So I started with this handy tobacco basket, which by the way I found at Hobby Lobby for super cheap. Did you know they’re carrying tobacco baskets now? YES. Go get yourself five. Anyway, working up from that as my base I grabbed my spindle candlesticks and placed them in the middle, then filled in around those. This tobacco basket gives me lots of space to work with, so I included several different items in this vignette. And they’re all at different heights. I marked up this shot so you could see the varying heights a little more easily:
Everything staggers from the upper left, at the highest point, then it kind of slowly starts moving down in height until we’re at the little candle. I wanted to show you the same image with these marks to illustrate how everything staggers downward little by little, which I think really helps pull it all together. If I had only used the tall candlesticks and the small candle for example, the drastic differences in height would have been obvious. And it just wouldn’t flow as well. So think of your vignette heights as staggering down slowly from the tallest to the shortest item.
5. Keep a Cohesive Color Scheme
As with any decorating, I think it’s important to keep the same color scheme throughout your vignette just so it’s all pulled together nice and pretty. I’m obviously partial to the farmhouse look, so I don’t tend to include a lot of hot pink or red in my decor. But if that’s your thing then roll with it. Just try to bend the colors together in a way that is cohesive. Does that make sense? Here’s an example of how a few differences in color can make a difference in your vignette:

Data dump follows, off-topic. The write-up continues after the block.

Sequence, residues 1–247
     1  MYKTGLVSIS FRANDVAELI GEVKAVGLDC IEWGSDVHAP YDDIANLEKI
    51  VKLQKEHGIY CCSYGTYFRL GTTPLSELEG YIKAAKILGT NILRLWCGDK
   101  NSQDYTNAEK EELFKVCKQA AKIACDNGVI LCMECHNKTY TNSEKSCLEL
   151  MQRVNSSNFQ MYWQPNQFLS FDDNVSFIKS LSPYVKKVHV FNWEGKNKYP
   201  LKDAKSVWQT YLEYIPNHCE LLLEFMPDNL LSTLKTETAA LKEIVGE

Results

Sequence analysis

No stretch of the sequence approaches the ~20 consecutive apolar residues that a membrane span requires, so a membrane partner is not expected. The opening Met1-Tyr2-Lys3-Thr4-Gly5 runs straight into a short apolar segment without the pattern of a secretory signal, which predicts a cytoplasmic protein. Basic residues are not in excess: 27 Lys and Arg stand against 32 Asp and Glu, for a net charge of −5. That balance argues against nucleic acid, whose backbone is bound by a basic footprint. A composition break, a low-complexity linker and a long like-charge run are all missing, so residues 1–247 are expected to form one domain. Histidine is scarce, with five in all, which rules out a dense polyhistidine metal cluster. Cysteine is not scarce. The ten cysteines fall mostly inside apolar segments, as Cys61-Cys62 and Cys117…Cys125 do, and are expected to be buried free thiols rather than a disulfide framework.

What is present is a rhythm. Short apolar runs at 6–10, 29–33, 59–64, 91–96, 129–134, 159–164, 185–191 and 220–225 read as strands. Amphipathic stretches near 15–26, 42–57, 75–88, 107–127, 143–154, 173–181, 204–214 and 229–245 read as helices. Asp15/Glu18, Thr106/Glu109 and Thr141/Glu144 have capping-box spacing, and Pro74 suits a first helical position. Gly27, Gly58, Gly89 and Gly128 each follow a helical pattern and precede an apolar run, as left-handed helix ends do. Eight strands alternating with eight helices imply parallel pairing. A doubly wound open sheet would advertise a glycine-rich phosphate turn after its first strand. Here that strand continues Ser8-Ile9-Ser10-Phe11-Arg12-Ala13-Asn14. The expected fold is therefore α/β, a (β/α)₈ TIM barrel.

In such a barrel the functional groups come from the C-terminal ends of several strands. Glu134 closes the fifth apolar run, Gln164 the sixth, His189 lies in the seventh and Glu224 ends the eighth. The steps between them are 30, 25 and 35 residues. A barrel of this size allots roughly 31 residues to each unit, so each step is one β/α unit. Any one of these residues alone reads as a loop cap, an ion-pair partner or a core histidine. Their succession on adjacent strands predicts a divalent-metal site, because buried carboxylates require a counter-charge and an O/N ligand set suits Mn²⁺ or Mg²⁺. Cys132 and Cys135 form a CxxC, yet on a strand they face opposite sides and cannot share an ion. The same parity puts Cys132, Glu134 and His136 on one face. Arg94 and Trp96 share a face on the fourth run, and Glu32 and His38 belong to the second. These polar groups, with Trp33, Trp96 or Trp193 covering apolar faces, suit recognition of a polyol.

Ok let’s break this down. My eye is immediately drawn to the pops of white in this vignette. The white lace on the roll of burlap, the white candlestick, and the white baby’s breath. It’s all very soft, yes? Now looking at the antique sifter with the green plant–it seems off to me. Possibly a bit too “loud” for this look in my personal opinion. The tone of the sifter competes with the galvanized canister the flowers are in and the bright green color of the faux plant just doesn’t seem cohesive with the rest of the look. Look how it changes here:
I simply changed the plant and used a white vase instead of the antique sifter. This pulls it together for a couple of reasons: 1) the white pitcher plays off the other white accents in this look and adds to the soft vibe of the whole look; 2) this faux plant isn’t such a bright green, like the one I was using before. It’s a little more subtle and it even has white tips here and there. Overall I think this combo blends better and compliments the color scheme of the entire vignette. Now, I may be being a bit picky here, but you get the idea: choose colors that compliment each other.
There ya have it–my best tips for creating a simple farmhouse style vignette. I hope you found this post useful! Now, keep in mind there are about a zillion ways you can style a vignette. These aren’t rules, folks. These are simply my suggestions and a few things I keep in mind when I’m styling a vignette. Feel free to mix it up and do whatever your little heart desires, there’s certainly no wrong way to do it. And for heaven’s sake, have FUN with it and get creative. That’s the whole point, right? So turn some music on, pour yourself a cup of coffee, and just enjoy the process.
Thanks for being here and let me know if you have any questions!
A few other tips you might enjoy: